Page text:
While researching the prolific crime fiction writer Akimitsu Takagi (1920–1995) in 2017, the French journalist Pascal Bagot made an incredible discovery. Takagi, whose 1948 debut novel “The Tattoo Murder Case” focused on a series of murders of tattooed people, was a passionate follower of post-war Tokyo’s underground tattoo scene. Unbeknownst to anyone, Takagi had left behind a treasure of trove of photographs featuring some of the most greatest tattoo artists of the time.
In “The Tattoo Writer”, Bagot makes these images available to the public for the first time. Following members of the Edo Chuyokai, the world’s perhaps oldest club of tattoo enthusiasts, we follow master tattoo artists like Horiuno II, Horiuno III, Horiyoshi II or Horigoro III as they prepare their traditional motifs and ink their subjects in barely lit rooms. Takagi’s images—many of them of tattooed women—capture the almost religious aspect and the dense atmosphere of the process, as well as the undeniable beauty of the finished tattoos.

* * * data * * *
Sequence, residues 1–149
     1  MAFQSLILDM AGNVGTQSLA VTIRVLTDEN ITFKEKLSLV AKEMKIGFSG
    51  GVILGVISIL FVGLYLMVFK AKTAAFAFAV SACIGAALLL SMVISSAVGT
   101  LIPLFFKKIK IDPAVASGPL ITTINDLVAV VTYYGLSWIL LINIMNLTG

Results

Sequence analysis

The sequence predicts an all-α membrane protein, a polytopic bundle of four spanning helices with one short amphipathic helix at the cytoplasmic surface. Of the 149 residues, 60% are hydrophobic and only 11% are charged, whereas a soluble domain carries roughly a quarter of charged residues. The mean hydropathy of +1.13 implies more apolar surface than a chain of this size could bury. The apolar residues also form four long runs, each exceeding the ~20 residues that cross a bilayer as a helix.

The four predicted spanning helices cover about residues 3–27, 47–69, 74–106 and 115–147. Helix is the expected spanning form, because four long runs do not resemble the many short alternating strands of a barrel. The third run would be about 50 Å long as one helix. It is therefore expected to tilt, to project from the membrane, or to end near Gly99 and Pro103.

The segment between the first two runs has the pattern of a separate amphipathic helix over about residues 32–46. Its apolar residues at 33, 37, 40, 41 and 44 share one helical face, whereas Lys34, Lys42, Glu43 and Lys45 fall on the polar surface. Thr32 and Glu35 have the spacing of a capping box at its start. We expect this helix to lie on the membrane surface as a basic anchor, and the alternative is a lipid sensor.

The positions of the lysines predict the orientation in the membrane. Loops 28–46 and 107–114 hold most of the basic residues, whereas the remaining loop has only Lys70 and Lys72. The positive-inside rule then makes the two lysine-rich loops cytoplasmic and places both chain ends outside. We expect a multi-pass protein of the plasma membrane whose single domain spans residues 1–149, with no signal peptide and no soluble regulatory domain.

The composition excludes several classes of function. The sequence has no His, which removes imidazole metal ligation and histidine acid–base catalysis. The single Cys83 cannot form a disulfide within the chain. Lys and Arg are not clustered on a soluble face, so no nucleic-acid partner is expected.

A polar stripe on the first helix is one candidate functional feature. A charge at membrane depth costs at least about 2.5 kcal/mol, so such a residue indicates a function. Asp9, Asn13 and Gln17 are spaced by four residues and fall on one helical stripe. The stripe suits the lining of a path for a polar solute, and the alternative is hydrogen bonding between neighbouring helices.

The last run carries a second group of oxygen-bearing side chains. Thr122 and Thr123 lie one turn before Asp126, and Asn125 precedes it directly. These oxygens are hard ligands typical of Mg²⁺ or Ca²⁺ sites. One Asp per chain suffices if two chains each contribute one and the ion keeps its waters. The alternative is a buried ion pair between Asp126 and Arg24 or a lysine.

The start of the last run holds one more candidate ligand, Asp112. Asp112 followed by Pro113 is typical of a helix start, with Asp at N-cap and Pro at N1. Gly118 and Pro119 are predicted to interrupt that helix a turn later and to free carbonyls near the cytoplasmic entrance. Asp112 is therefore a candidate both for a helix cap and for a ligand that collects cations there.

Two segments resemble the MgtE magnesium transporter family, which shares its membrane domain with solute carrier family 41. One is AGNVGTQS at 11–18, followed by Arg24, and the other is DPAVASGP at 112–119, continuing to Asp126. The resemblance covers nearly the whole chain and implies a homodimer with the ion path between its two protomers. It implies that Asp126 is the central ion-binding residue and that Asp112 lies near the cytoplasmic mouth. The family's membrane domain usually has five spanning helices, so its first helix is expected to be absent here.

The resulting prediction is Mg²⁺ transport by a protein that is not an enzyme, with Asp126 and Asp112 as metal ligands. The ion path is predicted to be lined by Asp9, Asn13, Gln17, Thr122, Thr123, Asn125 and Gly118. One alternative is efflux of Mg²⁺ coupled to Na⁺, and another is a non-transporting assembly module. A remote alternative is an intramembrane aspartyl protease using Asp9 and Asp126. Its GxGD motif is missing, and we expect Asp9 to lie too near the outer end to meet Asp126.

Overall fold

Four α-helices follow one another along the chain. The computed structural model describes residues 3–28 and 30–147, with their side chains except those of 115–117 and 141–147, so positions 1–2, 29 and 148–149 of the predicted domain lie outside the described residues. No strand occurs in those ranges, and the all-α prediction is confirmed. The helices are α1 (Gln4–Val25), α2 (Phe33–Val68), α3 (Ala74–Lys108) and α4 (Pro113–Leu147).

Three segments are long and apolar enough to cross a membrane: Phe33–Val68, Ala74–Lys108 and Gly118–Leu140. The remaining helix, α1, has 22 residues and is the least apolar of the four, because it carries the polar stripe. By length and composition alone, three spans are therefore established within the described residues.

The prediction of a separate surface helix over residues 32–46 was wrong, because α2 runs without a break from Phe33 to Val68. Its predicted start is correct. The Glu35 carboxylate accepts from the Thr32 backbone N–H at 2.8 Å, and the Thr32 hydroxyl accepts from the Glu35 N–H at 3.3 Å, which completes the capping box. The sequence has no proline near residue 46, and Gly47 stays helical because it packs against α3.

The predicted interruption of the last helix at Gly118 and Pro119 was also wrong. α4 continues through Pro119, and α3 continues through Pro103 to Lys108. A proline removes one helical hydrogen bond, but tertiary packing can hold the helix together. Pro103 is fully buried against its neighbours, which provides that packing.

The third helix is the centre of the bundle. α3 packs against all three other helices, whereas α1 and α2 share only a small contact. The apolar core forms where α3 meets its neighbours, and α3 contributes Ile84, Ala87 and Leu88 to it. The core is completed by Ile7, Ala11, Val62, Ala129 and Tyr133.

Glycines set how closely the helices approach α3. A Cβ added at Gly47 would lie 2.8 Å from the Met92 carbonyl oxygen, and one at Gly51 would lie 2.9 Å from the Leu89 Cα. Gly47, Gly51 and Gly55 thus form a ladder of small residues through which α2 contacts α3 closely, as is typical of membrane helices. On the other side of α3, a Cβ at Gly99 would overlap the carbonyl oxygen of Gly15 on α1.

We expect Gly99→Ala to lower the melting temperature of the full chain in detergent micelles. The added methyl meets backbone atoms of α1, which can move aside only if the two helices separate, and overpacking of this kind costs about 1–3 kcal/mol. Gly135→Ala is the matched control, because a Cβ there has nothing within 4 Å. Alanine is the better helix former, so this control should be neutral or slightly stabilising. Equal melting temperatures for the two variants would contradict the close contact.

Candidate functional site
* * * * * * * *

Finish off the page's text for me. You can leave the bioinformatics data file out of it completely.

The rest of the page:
Through painstaking research, Bagot is able to offer captions and background information for most photographs, with three in-depth essays (by Takagi’s daughter Akiko Takagi, Japanese literature professor Gerald Peloux, and Bagot himself) in the back of the book further illuminating Japan’s tattoo culture as well as Takagi’s passion and connection to the post-war Tokyo scene.
“If photography allows Takagi to satisfy his obsession for tattooing, thanks to it he also carries out a capital work of memory. Photography furthermore provides a pertinent solution to the real threat to this shadow art: oblivion. After all, how can one keep track of an art that is essentially ephemeral? Besides, without memory, what history of art? And without history, what recognition for the master tattoo artists whose works testify to an excellence comparable to that of any Japanese craftsman raised to the rank of ‘living national treasure?’”
― from the publisher’s description
Texts in English and French.
Out of Stock
- Book Size
- 245 × 195 mm
- 200 pages
- Publication Year
- English, French